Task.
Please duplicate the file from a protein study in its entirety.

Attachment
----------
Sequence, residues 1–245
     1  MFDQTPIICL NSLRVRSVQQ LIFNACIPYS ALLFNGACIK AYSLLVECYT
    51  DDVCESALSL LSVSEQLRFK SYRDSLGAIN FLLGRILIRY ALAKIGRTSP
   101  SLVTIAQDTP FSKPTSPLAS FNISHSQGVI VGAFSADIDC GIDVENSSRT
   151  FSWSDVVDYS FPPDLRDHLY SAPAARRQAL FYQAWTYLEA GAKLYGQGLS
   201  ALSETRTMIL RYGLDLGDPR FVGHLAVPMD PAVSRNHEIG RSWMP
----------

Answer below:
Sequence, residues 1–245
     1  MFDQTPIICL NSLRVRSVQQ LIFNACIPYS ALLFNGACIK AYSLLVECYT
    51  DDVCESALSL LSVSEQLRFK SYRDSLGAIN FLLGRILIRY ALAKIGRTSP
   101  SLVTIAQDTP FSKPTSPLAS FNISHSQGVI VGAFSADIDC GIDVENSSRT
   151  FSWSDVVDYS FPPDLRDHLY SAPAARRQAL FYQAWTYLEA GAKLYGQGLS
   201  ALSETRTMIL RYGLDLGDPR FVGHLAVPMD PAVSRNHEIG RSWMP